I know it's hard. I am just like you, I was just like you, and now I'm just a bit ahead of you in that I can (mostly) stand and (sometimes) walk on my own. I know it's possible to learn this skill. I know and see it directly, from my own experience. If it weren't possible to learn this skill, I wouldn't say it's possible. So try to stop your head spinning with all these thoughts about the world, the people, your life, your childhood, what's wrong about all that - and try to focus. Drop all that, and learn to be stable and happy with nothing special. Learn to be happy when lying in bed, when taking shower, when eating, when sitting and doing nothing. This Peace is unsurpassable. If you master it, you win. Then slooowly, slooowly start moving around while learning to keep that peace. If there are any doubts/questions/confusion - ask here. There is nothing else that you need.

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    Hi Andrei, thank you for your in depth but simple answer. It's what I need to hear. Most people just link me to some rambling suttas that I never read or quote some scriptures. I appreciate that they take the time although it's usually not helpful but your answer spoke to the core of the issue. I'm going to re read and then re read it again when I'm having doubts.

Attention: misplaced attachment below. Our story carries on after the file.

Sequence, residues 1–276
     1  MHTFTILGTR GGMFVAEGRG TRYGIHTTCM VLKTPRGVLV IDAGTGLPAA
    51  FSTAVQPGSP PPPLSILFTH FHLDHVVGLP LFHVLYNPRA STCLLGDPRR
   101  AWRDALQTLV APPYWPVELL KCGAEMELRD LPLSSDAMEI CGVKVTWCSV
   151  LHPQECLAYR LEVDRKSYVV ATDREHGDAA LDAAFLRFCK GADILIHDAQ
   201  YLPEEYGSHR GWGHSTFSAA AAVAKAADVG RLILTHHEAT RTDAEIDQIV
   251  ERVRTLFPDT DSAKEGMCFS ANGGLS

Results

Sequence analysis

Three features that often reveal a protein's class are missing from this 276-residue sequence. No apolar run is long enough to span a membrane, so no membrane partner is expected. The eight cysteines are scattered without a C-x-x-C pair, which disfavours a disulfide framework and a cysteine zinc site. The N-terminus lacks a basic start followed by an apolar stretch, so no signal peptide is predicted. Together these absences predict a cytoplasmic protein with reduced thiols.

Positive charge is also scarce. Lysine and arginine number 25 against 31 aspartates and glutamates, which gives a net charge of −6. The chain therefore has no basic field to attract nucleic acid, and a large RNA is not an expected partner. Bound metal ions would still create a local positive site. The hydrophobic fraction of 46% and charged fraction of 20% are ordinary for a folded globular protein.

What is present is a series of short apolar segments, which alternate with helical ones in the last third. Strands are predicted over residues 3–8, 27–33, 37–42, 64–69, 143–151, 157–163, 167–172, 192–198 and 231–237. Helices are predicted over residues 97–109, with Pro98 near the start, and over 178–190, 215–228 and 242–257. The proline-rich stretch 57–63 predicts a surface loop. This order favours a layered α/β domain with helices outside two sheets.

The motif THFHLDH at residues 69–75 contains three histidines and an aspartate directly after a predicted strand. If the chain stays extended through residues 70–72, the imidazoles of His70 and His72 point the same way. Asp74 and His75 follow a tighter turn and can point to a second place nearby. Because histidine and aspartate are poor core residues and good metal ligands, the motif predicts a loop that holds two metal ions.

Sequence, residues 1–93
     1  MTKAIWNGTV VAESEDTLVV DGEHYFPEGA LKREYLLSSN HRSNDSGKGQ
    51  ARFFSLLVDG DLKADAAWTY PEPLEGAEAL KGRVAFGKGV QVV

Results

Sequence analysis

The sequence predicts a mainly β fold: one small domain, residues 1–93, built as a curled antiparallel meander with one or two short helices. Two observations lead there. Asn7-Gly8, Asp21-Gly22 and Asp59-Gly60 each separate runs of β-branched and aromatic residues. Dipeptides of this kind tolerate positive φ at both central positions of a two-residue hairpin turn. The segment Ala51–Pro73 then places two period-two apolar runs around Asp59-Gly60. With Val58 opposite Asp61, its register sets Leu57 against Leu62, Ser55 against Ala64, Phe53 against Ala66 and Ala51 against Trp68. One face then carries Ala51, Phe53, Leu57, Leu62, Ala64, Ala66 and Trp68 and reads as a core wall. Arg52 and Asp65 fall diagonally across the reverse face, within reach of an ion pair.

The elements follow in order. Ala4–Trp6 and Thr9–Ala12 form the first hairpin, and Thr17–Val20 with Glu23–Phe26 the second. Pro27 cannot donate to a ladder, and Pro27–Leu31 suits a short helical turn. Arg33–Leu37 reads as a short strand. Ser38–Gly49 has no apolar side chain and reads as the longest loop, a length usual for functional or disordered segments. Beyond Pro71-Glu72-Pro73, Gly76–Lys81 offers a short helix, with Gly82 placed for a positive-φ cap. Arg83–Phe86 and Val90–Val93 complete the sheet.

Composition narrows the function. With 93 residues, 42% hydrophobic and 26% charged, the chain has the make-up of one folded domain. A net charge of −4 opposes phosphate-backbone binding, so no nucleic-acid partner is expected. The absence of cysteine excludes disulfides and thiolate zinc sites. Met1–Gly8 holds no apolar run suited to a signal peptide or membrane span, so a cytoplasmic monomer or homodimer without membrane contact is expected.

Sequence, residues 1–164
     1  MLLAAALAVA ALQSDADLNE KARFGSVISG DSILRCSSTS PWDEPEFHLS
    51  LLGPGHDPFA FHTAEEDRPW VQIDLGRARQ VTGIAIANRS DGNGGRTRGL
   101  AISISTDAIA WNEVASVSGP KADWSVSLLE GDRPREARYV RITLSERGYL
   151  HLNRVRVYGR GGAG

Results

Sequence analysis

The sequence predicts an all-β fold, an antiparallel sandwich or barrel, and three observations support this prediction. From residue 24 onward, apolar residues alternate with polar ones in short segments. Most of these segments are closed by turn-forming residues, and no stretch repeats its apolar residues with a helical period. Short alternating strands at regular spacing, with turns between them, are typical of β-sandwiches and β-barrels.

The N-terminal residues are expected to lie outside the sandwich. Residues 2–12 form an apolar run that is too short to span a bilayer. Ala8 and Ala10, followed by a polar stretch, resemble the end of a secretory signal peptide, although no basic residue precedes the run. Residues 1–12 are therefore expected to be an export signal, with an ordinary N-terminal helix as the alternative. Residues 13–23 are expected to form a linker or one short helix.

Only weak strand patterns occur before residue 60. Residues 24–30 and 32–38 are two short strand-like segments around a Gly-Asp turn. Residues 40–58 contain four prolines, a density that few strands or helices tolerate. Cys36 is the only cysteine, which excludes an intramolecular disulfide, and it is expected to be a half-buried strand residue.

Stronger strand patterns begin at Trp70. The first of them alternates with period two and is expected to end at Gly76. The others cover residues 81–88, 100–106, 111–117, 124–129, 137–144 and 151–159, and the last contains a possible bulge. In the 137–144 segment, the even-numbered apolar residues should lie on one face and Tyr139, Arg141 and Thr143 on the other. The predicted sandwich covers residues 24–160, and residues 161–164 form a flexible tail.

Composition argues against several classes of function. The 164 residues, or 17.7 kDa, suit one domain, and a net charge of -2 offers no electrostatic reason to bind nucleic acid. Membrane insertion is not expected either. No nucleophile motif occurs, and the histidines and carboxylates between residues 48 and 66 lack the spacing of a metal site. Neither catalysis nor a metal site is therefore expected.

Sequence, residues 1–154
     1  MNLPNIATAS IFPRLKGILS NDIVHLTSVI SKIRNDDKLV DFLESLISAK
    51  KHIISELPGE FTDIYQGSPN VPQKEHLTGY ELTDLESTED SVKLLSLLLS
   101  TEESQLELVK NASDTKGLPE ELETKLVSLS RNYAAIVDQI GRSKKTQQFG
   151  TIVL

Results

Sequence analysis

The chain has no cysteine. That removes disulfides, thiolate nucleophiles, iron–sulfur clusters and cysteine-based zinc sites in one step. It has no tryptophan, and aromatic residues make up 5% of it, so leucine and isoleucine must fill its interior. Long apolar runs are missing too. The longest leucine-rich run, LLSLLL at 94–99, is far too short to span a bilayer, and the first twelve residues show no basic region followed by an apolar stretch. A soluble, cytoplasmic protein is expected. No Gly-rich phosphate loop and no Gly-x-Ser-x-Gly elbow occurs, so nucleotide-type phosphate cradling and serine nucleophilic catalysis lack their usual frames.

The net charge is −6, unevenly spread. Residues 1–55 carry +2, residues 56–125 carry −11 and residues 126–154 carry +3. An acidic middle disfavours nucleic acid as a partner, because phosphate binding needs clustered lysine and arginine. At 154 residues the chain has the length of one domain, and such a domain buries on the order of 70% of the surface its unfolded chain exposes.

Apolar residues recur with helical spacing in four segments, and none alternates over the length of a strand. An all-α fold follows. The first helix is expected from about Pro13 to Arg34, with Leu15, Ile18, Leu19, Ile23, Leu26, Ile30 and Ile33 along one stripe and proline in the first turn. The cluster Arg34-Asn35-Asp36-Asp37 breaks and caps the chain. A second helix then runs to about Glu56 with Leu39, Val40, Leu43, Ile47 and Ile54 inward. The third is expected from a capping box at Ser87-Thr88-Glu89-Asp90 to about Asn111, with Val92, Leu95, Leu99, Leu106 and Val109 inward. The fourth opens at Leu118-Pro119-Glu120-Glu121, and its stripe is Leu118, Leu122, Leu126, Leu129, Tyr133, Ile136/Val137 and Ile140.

– Arturia
    Commented Jan 23, 2019 at 21:20
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    @Arturia - You're lucky to receive such a good answer. I would add only that if you wish to avoid the sutras (as it seems) then there are some great teachers on Youtube.who address these issues directly. It's a little weird that YT has become such a good source of teachings.
    – user14119
    Commented Jan 29, 2019 at 16:05

When you feel like you don't like people because of their "egotism, vanity, superficiality, stupidness, ignorance", you can use this opportunity to cultivate the brahmavihara of compassion (karuna).

The primary purpose of cultivating compassion is to cure this strong aversion that you have of other people. Aversion or hatred (dosa or dvesha) is one of the three poisons that will prevent your progress. The secondary purpose is for you to regain a healthy social connection with the people around you.